Ben: Ok, enough jibber jabber, we’ve got a finale to take on.
Ben: Actually, a little more jibber jabber.
Ben: Did you catch the one hour recap/farewell special prior to the episode itself? I highly recommend it if you did not. For one thing, it’s fantastic to get a look back at young Blake Lively, Leighton Meester, Penn Badgley and Chace Crawford—and by the way Sean T. Collins hit the nail on the head when he immortally noted that every young actor on this show has a more pretentious real name than just about any of their characters—but most of all Ed Westwick as Chuck Bass. Because Chuck has more or less been in a suit for the back half of the show, I forgot all about his ridiculous scarves, red tracksuits and ascots from the early years. Westwick waxes poetic about how much he used to love ascots out of character and it’s hilarious.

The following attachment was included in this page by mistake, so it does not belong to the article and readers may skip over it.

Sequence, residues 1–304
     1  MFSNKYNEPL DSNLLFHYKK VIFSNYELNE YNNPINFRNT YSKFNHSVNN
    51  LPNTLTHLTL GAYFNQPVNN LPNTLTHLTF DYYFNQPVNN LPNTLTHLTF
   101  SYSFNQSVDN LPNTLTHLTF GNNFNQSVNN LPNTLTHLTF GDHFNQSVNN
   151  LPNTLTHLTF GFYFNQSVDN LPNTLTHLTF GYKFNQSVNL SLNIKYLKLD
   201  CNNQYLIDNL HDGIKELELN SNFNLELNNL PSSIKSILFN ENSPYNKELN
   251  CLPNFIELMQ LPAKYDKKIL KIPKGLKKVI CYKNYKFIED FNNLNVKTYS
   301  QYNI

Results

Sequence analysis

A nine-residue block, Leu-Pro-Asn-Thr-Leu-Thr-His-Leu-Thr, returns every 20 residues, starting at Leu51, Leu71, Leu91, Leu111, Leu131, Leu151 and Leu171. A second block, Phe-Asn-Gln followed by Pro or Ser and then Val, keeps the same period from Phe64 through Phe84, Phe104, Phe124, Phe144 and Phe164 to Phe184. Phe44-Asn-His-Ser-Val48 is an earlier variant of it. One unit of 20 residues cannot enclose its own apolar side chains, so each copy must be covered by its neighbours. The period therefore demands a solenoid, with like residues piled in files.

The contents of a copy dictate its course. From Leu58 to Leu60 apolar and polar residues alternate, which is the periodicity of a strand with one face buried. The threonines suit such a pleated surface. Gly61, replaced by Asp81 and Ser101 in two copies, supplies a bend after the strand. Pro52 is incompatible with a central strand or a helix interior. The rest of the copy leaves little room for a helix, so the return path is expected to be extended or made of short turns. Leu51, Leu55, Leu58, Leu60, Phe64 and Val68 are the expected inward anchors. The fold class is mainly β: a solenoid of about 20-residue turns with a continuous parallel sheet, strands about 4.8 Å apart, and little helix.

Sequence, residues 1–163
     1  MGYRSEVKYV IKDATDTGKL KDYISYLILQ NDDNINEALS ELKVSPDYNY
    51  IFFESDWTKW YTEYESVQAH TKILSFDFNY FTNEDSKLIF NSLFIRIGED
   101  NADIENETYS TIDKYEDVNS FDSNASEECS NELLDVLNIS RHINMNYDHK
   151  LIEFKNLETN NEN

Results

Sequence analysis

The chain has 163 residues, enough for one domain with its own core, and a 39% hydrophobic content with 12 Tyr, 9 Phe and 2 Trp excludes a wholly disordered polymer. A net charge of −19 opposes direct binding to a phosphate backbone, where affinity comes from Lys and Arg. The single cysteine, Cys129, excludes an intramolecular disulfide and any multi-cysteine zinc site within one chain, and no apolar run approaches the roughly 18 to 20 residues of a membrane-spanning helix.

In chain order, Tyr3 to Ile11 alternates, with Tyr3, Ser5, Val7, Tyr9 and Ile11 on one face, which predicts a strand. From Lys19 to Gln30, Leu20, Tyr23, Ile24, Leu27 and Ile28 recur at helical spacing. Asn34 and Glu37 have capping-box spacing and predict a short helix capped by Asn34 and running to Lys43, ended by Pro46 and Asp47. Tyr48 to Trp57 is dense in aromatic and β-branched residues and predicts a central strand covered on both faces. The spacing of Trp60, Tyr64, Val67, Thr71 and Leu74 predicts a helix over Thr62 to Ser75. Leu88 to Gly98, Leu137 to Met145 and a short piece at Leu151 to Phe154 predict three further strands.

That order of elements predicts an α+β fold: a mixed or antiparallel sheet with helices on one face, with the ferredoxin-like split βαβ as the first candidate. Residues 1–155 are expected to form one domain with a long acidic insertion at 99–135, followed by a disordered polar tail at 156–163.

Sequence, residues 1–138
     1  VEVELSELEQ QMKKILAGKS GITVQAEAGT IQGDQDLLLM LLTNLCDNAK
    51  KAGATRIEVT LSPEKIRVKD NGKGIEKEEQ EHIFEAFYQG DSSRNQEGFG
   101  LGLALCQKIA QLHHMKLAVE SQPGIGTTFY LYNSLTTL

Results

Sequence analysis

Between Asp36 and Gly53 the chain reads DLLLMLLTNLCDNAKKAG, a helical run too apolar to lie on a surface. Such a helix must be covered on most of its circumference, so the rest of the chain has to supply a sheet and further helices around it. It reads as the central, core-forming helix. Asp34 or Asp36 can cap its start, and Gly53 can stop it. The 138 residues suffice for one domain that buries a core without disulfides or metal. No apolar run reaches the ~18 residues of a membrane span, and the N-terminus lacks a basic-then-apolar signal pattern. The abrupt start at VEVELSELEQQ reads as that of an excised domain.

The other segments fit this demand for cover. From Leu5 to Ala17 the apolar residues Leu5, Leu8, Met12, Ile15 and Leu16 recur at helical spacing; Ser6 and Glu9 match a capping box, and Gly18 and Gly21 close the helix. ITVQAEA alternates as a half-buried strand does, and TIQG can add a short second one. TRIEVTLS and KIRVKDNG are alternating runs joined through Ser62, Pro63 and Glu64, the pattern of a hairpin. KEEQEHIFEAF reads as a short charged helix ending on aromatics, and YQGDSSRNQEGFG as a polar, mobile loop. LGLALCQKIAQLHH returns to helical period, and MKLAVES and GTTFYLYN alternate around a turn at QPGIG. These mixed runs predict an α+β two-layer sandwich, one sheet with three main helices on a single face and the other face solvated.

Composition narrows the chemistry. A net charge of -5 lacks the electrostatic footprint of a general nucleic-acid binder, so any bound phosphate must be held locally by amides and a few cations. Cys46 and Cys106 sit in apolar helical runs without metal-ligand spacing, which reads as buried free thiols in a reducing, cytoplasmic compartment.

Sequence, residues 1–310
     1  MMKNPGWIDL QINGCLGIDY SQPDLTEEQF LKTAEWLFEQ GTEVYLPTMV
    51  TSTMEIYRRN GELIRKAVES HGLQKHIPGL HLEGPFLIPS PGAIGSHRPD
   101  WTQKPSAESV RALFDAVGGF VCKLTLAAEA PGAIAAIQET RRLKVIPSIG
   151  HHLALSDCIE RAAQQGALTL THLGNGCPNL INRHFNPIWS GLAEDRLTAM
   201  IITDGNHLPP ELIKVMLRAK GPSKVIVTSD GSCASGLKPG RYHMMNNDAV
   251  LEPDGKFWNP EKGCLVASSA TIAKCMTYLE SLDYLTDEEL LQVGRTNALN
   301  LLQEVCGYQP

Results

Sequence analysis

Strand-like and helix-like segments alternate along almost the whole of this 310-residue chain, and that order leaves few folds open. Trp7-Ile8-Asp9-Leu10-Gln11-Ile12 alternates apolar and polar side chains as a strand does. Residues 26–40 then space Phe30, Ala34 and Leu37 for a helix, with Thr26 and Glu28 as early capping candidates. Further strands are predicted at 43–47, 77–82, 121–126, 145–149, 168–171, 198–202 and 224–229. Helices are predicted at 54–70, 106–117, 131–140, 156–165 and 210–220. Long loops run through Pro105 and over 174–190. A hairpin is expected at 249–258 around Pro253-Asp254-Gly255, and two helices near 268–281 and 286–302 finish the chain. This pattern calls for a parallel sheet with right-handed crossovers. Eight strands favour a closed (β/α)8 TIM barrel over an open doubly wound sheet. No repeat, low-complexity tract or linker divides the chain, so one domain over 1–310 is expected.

Kiel: Jami and I ate that up. We were also shocked to recall what the cast's hair was like in the first season. That they flashed back to short-haired Freshman Dan in the episode was slightly mind-blowing.
Ben: Per Megan, the flashback was the final scene they shot of the entire series because Penn Badgley had to shave his head more or less. Apparently he has super human hair growing abilities, because I saw him from afar when I was going to Subway a couple weeks back and his hair was longer than ever. I also did not approach him because I was starving. In retrospect, I can't imagine he would have wanted to chat for more than 20 seconds, so that was probably a mistake on my part.
All the out of character interviews with the actors are pretty great. Crawford and Badgley both come off as guys you’d want to party with while just hearing Westwick’s heavy as hell British accent is a trip. Blake Lively seems overly excited in a “I am so happy I can finally leave this show” way, but that’s fun too. Kaylee Defer is also pretty unintentionally funny trying to make it seem like she was ever more than a bit player. The only interviews I was let down by were Meester’s, because Blair is probably my favorite character—tied with Dan maybe—and she was just kind of blah.